Mumbai | Updated: September 15, 2020 10:15:54 am
Non-resident Indians (NRIs) brought to India a higher amount of $4.6 billion to India between April and July this year when most of the countries faced stringent lockdowns across the world. This is 50 per cent more than what NRIs had brought to India during the same period of last year, i.e. $3.05 billion.
With this inflow, total NRI deposits touched $135.36 billion as of July 2020, up from $130.58 billion in March 2020, $133.12 billion in 2019 and $124.44 billion in 2018, according to the latest Reserve Bank of India (RBI) data.
A bulk of this amount has come from Gulf countries, the US and Euro zone where NRIs are in large numbers. After lockdown was imposed in April, layoffs and salary cuts happened in many Gulf countries and interest rates declined further in most countries which could have an effect on higher inflows, said a banking source.
As much as $96.08 billion of NRI deposits is in NR(E) RA, or non-resident external rupee account, while FCNR (B) (foreign currency non-resident bank account) attracted $22.62 billion till July this year, RBI data shows. Funds in both the accounts can be repatriated. During April-July 2020, NRIs withdrew $1.62 billion from the FCNR (B) account but deposited $5.55 billion in NR(E) RA accounts.
A major factor that attracts NRIs to NR(E) RA deposits is that savings, current and term deposits are allowed through this facility while FCNR allows only term deposits.
Besides, NRIs have put $16.6 billion in NRO (non-resident ordinary) accounts as of July 2020. However, repatriation is not allowed in NRO accounts unlike FCNR (B) and NR(E) RA accounts.
The three NRI deposit schemes in India offer high interest rates as compared to rates in the US or Europe where banks offer virtually nil or close to 1 per cent rates. State Bank of India offers 4.90 per cent for NR(E) RA accounts for a tenure of one to two years. For deposits between 3-5 years, it offers 5.30 per cent.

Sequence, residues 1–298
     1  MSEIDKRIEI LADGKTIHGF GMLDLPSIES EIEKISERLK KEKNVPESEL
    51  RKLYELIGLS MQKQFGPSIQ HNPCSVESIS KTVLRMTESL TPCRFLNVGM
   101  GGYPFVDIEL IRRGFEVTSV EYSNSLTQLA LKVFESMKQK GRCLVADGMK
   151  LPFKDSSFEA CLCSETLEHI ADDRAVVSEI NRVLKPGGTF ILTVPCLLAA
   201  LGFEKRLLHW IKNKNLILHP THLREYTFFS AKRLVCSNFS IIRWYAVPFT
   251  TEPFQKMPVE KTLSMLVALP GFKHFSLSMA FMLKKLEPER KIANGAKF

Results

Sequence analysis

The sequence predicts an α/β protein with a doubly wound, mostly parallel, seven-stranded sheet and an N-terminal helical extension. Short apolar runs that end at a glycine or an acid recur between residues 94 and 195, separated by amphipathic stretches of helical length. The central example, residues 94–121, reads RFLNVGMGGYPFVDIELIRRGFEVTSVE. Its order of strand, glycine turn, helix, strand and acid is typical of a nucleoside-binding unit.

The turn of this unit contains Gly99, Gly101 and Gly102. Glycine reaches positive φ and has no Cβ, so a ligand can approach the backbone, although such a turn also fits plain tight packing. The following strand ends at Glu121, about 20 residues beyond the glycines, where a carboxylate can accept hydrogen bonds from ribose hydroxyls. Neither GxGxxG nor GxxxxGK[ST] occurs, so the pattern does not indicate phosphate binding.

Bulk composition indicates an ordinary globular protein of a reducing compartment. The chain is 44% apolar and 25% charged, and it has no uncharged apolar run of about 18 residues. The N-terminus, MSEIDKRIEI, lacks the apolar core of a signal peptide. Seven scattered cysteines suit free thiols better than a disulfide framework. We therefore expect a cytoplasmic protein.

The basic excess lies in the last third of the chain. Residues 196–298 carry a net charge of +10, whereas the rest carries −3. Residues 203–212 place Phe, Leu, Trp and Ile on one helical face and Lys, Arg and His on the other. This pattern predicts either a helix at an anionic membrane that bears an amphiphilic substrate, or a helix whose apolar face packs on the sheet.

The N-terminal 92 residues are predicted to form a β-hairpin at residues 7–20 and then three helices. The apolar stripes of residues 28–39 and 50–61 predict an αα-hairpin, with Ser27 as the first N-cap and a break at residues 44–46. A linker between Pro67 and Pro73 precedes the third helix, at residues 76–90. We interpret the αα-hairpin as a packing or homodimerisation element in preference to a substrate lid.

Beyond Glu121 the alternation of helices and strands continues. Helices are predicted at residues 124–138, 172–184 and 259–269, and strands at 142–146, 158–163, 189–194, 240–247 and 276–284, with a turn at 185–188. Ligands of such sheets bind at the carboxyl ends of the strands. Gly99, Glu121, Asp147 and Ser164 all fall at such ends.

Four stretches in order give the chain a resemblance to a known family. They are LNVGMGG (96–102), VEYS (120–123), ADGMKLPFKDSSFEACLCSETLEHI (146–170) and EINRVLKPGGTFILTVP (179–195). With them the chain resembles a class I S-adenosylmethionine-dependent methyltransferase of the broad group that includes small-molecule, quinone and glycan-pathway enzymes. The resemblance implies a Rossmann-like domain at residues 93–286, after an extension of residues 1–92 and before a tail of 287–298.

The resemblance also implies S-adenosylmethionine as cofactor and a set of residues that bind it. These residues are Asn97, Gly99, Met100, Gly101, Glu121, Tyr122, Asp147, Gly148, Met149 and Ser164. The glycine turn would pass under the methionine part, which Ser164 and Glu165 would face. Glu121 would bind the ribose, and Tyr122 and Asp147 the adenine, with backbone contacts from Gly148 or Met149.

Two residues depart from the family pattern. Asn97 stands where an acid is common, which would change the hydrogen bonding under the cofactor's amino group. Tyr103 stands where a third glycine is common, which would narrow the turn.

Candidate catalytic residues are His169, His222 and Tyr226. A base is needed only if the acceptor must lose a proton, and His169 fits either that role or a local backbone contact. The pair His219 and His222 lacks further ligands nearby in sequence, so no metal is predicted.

NRIs are also making money by borrowing in Gulf countries and depositing it in India to take advantage of the interest rate arbitrage. “It’s good to borrow there and deposit it here. Rates are half of what Indian banks charge. Borrowing cost in Middle East is very low … UAE Central Bank cut the policy rate by 50 basis points to 1.50 per cent in March. Banks offer around 1.50-1.60 per cent on FDs in Dubai, whereas you get at least three percentage points more in India,” said a banking source.
The situation is not different in the US where depositors get a maximum of 1.25 per cent on one year FDs which is almost close to the inflation level of 1.3 per cent in the country.
However, bankers said NRI depositors need to be cautious about the rupee depreciation as their high returns on FDs (fixed deposits) or debt paper in India will evaporate when the rupee declines sharply against the dollar.
Resident Indians have been getting a negative real return (interest rate minus inflation rate) on their FDs due to the rise in inflation level.
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